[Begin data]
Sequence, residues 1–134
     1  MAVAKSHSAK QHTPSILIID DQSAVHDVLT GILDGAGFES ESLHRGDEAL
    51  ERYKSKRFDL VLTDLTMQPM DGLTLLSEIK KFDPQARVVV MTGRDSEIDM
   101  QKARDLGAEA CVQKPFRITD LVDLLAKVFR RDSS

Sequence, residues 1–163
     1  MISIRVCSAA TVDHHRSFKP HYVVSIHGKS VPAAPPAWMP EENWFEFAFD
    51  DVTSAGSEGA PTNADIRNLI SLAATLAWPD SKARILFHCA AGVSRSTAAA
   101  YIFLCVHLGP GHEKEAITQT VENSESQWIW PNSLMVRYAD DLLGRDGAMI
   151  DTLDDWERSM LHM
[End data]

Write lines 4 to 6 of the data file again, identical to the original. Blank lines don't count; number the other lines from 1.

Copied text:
   101  QKARDLGAEA CVQKPFRITD LVDLLAKVFR RDSS

Sequence, residues 1–163
     1  MISIRVCSAA TVDHHRSFKP HYVVSIHGKS VPAAPPAWMP EENWFEFAFD